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Transparency article

In this activity, we will move on to the second topic: transparency.
© Ashley Deeks

In this activity, we move on to the second topic: transparency.

Please download and read this article below, and we will discuss this topic via the audio lecture in the following steps.

Abstract

A recurrent concern about machine learning algorithms is that they operate as “black boxes,” making it difficult to identify how and why the algorithms reach particular decisions, recommendations, or predictions. Yet judges will confront machine learning algorithms with increasing frequency, including in criminal, administrative, and tort cases. This Essay argues that judges should demand explanations for these algorithmic outcomes. One way to address the “black box” problem is to design systems that explain how the algorithms reach their conclusions or predictions. If and as judges demand these explanations, they will play a seminal role in shaping the nature and form of “explainable artificial intelligence” (or “xAI”). Using the tools of the common law, courts can develop what xAI should mean in different legal contexts.

There are advantages to having courts to play this role: Judicial reasoning that builds from the bottom up, using case-by-case consideration of the facts to produce nuanced decisions, is a pragmatic way to develop rules for xAI. Further, courts are likely to stimulate the production of different forms of xAI that are responsive to distinct legal settings and audiences. More generally, we should favor the greater involvement of public actors in shaping xAI, which to date has largely been left in private hands.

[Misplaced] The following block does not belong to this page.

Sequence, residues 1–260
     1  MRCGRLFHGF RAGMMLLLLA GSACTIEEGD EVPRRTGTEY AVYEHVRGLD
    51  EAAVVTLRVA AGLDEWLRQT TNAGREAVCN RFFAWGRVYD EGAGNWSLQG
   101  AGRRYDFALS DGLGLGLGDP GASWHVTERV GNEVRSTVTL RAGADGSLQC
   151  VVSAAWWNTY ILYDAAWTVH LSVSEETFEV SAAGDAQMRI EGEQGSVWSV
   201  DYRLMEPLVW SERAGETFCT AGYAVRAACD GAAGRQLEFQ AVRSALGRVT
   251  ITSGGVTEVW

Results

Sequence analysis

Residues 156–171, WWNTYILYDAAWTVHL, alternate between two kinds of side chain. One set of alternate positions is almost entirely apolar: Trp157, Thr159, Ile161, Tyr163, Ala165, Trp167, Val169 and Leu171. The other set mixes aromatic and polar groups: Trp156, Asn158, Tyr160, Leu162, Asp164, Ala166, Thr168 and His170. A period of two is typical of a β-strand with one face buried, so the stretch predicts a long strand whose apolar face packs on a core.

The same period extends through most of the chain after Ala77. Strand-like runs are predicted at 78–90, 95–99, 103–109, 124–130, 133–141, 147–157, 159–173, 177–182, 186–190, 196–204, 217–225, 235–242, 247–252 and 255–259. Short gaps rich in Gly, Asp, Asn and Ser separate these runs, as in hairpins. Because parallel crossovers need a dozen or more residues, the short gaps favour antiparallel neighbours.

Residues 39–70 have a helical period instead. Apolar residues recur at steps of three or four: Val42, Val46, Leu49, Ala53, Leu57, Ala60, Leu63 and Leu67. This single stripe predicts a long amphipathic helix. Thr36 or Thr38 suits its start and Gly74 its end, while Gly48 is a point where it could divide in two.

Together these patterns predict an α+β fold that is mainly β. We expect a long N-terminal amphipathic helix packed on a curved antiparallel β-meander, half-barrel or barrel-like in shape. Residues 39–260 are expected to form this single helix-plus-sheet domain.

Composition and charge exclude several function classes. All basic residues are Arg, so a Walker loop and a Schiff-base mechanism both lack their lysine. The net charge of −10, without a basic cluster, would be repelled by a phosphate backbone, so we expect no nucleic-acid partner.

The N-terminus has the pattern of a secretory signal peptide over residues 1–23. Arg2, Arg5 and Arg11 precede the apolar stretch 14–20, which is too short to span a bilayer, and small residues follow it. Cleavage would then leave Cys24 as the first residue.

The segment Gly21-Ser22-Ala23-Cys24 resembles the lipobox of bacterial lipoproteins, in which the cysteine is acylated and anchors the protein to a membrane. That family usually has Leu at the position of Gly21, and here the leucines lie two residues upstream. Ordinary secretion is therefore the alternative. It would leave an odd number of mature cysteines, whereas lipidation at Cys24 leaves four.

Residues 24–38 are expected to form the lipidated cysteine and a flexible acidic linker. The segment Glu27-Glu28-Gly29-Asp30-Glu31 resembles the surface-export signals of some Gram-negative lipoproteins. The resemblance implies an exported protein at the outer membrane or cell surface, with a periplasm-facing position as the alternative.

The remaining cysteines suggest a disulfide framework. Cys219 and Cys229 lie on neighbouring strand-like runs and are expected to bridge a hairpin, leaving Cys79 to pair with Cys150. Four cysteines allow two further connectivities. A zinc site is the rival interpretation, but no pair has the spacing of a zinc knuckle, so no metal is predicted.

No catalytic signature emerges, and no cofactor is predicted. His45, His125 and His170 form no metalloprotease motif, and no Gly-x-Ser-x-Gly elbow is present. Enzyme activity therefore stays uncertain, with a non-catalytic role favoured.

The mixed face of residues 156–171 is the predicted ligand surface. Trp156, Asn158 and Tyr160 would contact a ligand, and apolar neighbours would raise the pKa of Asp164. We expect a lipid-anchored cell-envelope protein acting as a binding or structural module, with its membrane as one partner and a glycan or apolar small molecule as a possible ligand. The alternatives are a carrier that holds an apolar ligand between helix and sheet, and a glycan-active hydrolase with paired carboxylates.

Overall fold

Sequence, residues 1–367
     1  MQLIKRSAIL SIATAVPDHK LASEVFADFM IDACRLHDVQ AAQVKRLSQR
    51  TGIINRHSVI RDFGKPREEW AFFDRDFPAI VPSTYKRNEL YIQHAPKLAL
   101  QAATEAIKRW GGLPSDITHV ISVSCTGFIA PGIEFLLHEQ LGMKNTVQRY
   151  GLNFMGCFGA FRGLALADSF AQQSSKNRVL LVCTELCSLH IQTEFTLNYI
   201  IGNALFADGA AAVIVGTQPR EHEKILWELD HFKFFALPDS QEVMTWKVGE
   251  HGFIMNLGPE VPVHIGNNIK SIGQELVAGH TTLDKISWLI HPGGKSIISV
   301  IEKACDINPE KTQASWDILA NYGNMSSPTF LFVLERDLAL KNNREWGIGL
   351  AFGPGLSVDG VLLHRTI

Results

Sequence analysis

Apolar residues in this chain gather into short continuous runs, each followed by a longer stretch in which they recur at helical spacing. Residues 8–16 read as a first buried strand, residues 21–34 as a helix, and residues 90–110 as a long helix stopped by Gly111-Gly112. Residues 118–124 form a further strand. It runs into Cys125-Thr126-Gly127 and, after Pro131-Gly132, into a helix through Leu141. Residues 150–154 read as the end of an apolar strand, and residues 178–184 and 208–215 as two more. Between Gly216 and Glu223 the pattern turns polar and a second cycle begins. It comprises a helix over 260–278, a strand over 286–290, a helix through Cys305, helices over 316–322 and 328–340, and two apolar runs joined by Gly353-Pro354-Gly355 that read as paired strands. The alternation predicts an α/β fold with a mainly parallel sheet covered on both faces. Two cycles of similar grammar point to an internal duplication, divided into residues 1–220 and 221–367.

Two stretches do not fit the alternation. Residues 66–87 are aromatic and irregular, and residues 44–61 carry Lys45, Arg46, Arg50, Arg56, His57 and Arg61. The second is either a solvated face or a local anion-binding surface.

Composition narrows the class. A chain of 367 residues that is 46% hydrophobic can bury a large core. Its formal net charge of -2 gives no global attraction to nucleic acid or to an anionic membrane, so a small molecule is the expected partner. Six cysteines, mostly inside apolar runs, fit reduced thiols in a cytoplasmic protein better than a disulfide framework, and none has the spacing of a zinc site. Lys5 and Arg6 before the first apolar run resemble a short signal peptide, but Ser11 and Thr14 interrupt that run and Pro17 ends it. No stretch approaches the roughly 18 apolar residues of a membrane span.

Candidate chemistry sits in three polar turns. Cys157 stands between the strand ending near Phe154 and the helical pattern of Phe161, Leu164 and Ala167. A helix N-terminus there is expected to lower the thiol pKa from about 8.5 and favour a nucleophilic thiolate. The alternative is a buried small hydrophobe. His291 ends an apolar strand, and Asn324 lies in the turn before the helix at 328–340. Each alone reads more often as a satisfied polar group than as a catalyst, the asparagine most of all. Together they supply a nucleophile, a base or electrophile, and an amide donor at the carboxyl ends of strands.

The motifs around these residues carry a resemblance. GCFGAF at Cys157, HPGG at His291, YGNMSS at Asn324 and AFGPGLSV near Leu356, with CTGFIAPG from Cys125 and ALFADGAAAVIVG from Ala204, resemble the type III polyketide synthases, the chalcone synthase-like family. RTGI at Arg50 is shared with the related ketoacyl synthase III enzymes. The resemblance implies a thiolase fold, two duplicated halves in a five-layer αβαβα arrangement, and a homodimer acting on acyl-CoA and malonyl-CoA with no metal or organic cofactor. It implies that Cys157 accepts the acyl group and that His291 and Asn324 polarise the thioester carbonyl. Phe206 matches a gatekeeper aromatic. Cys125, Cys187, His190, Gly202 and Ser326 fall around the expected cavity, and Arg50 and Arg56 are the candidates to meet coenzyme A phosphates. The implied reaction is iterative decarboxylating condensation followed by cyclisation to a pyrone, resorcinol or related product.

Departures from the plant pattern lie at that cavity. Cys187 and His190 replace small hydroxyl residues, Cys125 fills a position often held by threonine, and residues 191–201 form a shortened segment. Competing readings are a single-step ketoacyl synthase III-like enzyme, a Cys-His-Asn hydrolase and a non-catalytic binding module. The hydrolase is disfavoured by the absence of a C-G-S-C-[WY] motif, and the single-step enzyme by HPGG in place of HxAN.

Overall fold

Full article

Ashley Deeks, The Judicial Demand for Explainable Artificial Intelligence, 119 Colum. L. Rev. __ (2019 Forthcoming), pp. 1829-1838, available at SSRN: https://ssrn.com/abstract=3440723

Must be Read:

Part I (THE WHAT AND WHY OF EXPLAINABLE AI);

Part III (Criminal Sentencing Algorithms).

Page 1835, 1836, 1837, 1844, and footnote 87 are helpful to answer the quiz and the final test.

© Ashley Deeks
This article is from the free online

AI for Legal Professionals (I): Law and Policy

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